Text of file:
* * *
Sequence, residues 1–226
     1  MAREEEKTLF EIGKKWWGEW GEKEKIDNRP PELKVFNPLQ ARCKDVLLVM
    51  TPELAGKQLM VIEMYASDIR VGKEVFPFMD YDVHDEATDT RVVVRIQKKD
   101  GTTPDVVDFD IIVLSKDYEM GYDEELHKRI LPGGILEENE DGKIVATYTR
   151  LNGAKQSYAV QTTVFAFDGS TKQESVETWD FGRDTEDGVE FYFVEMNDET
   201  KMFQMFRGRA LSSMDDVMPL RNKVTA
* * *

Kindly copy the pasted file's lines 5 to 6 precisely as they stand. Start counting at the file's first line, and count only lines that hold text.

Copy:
   151  LNGAKQSYAV QTTVFAFDGS TKQESVETWD FGRDTEDGVE FYFVEMNDET
   201  KMFQMFRGRA LSSMDDVMPL RNKVTA